Pakistan’s economic recovery to continue amid steady vaccine rollout: ADB

Staff Reporter BOL News

22nd Sep, 2021. 01:25 pm


ISLAMABAD: Pakistan’s economic growth rebounded to 3.9 per cent in the fiscal year FY 2021 ended June 30, 2021 and is expected to reach 4 per cent in FY 2022, as the business activity gradually resumes in the second year of the coronavirus disease (Covid-19) pandemic, the Asian Development Bank (ADB) said in a report on Wednesday.

According to the Asian Development Outlook (ADO) 2021 Update, the ADB’s annual flagship economic publication, Pakistan’s economy is expected to continue recovering in FY 2022, supported by stronger private investment, improving business activity, a steady vaccine rollout, and economic stimulus measures for FY 2022. Yet, significant uncertainty clouds the economic outlook over the course of the pandemic in Pakistan and worldwide.

“Pakistan’s economy is on the path to recovery, supported by the promising growth in the industry and services sectors,” ADB country director for Pakistan Yong Ye said.

“The continued rollout of the Covid-19 vaccination programme, structural reforms, and the expansion of social protection programmes are all key to ensuring inclusive and sustainable growth. Fiscal incentives and policies to boost export competitiveness, bolster the performance of the manufacturing sector, and augment private investment will continue to play an instrumental role in strengthening the economic outlook.”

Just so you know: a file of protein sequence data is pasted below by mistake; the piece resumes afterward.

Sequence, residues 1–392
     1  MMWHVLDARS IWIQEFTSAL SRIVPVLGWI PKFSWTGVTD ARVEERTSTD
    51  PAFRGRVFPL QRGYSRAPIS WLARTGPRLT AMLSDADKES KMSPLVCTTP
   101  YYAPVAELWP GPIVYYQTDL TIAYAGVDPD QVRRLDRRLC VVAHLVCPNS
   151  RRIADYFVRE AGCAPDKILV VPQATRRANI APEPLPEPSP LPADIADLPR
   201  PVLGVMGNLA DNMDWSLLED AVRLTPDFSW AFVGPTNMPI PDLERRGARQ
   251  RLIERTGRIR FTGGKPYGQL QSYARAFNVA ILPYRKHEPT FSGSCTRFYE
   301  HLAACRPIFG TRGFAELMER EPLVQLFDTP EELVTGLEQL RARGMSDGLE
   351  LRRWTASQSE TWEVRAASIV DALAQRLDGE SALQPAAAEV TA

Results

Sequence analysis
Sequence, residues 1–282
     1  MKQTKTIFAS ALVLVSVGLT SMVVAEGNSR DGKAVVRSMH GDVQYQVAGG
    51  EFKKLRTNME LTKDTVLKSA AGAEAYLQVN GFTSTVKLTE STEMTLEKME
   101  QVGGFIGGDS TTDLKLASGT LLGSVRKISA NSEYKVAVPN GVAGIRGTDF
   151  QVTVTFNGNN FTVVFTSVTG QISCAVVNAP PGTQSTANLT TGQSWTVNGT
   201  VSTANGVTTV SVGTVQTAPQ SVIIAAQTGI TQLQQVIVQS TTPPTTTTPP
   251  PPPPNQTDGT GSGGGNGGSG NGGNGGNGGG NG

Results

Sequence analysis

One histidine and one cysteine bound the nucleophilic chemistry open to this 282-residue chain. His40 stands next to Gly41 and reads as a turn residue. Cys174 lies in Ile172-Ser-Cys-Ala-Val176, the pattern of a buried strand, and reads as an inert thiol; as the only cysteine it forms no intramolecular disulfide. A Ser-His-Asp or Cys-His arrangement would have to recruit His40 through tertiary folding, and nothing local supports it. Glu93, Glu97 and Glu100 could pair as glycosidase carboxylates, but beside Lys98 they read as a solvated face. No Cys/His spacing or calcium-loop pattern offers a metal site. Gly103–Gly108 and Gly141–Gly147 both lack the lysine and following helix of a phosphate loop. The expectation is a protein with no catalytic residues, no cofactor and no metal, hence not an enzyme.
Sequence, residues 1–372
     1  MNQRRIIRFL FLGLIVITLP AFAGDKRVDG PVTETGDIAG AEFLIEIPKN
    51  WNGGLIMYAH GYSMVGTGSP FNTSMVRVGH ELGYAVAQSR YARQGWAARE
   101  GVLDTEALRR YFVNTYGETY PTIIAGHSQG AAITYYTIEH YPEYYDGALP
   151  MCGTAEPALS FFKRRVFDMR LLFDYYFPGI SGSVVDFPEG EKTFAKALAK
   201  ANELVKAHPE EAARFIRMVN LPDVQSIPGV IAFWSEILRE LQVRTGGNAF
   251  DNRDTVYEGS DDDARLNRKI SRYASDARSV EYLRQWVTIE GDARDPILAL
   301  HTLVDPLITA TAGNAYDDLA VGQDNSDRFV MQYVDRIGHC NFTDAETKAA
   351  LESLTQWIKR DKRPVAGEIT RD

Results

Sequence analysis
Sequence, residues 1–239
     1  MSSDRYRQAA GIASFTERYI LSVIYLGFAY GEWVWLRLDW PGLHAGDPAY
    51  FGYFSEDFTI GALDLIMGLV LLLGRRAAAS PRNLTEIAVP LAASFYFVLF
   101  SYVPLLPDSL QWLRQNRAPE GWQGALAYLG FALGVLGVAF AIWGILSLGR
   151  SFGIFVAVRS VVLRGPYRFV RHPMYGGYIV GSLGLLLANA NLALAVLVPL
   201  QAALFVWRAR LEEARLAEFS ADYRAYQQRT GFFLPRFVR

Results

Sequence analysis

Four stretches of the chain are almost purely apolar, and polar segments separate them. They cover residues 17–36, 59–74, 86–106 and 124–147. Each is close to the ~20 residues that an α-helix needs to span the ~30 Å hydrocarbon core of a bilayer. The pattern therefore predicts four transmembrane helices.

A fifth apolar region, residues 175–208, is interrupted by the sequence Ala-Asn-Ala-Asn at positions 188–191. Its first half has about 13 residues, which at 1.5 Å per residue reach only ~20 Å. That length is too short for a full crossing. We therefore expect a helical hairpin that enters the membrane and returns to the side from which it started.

Pakistan’s economic growth in FY 2021 was supported by improved Covid-19 containment strategies through the second and third waves of infections and continued accommodative fiscal and monetary policies that accelerated the recovery across all sectors.

The growth in industry, predominantly construction and small-scale manufacturing, and services are forecast to improve in FY 2022. Agriculture is also expected to continue supporting the GDP growth.

Inflation declined to 8.9 per cent in FY 2021. Food price inflation remained high due to supply chain disruptions, increased prices for wheat and sugarcane, and an extended wet monsoon. Rising international oil prices boosted energy price inflation. Yet, inflation for other goods eased thanks to the appreciation of the Pakistani rupee and a postponement of planned hikes for electricity tariffs and domestic fuel prices.

The State Bank of Pakistan maintained its policy rate at 7 per cent to support the economic recovery. Investment is expected to strengthen as global sentiment improves and the International Monetary Fund-supported stabilisation programme continues to progress.

The ADB is committed to achieving a prosperous, inclusive, resilient, and sustainable Asia and the Pacific, while sustaining its efforts to eradicate extreme poverty. Established in 1966, it is owned by 68 members, 49 from the region.

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